If President Barack Obama can convince Congress (particularly Republicans) to support his proposed increase in the minimum wage, the effects will be substantial.
It is estimated that nearly 25 million Americans earn less than $10.10 an hour at their jobs. Obama is urging Congress to raise the federal minimum wage to that rate, from its current $7.25, by 2016.
Those who would experience the biggest bumps in their paychecks would be the 3.5 million workers who make $7.25 an hour or less (federal law allows tipped employees to be paid less than $7.25).
But while a nearly $3 per hour increase might seem like a lot of money, the increase would still leave many Americans struggling to get out of poverty. For instance, a single mother with two children earning $9 an hour at a full-time job makes only $18,720, which puts her below the poverty line.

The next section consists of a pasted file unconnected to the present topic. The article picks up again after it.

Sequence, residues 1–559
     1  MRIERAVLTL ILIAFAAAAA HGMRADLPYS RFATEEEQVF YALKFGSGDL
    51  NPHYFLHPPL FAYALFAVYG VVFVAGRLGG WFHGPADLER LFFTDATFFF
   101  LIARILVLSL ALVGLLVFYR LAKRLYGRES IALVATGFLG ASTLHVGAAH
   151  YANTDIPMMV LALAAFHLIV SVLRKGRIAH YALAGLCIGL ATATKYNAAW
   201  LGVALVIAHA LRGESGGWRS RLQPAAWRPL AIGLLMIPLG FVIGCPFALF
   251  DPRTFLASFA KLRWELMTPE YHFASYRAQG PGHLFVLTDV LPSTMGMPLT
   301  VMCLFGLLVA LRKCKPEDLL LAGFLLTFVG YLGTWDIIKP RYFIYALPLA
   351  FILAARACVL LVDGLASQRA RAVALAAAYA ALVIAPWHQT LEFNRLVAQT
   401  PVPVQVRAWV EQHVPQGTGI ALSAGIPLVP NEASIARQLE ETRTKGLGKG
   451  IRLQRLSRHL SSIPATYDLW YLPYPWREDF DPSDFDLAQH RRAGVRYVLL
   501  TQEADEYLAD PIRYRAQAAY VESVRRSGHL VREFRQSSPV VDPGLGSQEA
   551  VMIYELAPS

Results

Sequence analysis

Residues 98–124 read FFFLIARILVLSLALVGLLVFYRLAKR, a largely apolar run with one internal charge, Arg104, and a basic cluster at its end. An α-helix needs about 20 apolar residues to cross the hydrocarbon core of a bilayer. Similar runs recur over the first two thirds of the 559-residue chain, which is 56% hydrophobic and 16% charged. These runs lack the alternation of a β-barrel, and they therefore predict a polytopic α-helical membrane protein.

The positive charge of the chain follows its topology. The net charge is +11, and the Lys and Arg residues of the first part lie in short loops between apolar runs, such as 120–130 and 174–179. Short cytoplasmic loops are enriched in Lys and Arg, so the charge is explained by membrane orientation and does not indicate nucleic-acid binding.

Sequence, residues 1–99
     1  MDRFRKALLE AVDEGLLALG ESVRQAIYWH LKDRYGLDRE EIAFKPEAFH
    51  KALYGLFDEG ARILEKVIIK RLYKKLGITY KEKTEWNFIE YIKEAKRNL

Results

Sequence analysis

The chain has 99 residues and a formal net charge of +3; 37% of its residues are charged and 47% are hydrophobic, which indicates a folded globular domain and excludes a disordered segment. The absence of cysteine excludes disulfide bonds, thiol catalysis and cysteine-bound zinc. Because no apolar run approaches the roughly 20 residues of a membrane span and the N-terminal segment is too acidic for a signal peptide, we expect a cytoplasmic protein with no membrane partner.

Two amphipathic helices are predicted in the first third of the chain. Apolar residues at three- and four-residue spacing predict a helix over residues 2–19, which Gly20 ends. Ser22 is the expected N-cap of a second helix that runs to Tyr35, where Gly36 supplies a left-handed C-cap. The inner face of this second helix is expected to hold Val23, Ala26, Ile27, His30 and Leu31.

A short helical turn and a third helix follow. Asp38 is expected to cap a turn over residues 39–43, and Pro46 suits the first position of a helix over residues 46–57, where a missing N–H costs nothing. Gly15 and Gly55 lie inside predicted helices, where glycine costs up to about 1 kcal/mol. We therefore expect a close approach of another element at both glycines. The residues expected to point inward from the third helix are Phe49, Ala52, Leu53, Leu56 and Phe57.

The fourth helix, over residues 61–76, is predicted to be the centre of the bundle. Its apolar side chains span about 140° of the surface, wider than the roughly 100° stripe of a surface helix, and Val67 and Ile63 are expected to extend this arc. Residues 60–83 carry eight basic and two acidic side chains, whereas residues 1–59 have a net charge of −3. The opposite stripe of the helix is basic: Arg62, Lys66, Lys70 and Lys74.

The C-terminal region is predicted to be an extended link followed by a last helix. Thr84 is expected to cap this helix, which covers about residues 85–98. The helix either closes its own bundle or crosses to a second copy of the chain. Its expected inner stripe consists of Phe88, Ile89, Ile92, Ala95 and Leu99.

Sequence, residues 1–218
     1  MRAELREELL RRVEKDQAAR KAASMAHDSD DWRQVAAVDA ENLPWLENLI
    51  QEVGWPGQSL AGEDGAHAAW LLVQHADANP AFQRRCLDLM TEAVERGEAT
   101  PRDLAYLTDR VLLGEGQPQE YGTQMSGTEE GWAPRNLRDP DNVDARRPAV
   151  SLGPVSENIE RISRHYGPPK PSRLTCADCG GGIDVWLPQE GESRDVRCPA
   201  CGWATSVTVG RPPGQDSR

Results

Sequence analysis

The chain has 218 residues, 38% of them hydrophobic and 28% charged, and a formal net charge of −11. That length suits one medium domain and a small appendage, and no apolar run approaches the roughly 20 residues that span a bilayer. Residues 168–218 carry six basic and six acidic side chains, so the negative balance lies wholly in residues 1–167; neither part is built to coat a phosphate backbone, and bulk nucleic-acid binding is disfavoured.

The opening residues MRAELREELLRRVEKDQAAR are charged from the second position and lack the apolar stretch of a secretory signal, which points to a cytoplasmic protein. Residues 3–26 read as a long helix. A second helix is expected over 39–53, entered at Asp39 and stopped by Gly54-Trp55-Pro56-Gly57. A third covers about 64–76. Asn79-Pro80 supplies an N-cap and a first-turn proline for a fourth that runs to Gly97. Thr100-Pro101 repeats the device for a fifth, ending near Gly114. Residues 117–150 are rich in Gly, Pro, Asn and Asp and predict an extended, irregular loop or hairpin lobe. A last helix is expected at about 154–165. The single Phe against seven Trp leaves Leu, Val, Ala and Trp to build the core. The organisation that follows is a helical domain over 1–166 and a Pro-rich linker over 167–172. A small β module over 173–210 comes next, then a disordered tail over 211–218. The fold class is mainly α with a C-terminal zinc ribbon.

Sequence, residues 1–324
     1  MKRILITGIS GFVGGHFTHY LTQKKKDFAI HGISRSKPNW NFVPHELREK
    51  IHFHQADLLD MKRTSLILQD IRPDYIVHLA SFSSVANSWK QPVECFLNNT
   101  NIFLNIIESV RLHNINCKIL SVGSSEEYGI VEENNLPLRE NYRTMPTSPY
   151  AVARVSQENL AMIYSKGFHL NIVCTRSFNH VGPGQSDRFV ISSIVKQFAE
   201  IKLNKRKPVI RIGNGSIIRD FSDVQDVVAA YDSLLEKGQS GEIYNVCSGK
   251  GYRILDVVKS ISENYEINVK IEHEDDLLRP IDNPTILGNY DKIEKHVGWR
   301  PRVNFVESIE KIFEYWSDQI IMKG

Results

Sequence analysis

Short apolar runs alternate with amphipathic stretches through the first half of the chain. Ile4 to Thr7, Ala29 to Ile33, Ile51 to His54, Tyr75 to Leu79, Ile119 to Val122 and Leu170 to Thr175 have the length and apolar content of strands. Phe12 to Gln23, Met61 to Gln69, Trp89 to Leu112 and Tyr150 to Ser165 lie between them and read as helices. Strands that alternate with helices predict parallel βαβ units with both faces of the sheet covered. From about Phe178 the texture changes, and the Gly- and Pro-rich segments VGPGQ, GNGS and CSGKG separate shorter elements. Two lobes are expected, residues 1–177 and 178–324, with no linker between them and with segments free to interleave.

The Center for Economic Policy Research estimates that more than half of all workers making $9 or less an hour are 25 or older. At one time it was assumed that most earning that little were teenagers, but no more. Today, only 17% of them are under 20, compared to 28% in 2000.
“Minimum-wage and low-wage workers are older and more educated than 10 or 20 years ago, yet they’re making wages below where they were 10 or 20 years ago after inflation,” John Schmitt, senior economist at the research center, told The New York Times. “If you look back several decades, workers near the minimum wage were more likely to be teenagers—that’s the stereotype people had. It’s definitely not accurate anymore.”
Opponents of Obama’s plan jumped on an analysis released by the Congressional Budget Office (CBO), which concluded that raising the minimum wage to $10.10 could result in half a million job losses.
The CBO also said in its report that “as with any such estimates, however, the actual losses could be smaller or larger; in CBO’s assessment, there is about a two-thirds chance that the effect would be in the range between a very slight reduction in employment and a reduction in employment of one million workers.”
Some economists said it’s unlikely there would be any job losses, citing problems with the CBO’s methodology, and many said the improved financial condition of those who receive raises would pump enough money back into the economy as a whole to outweigh any job losses.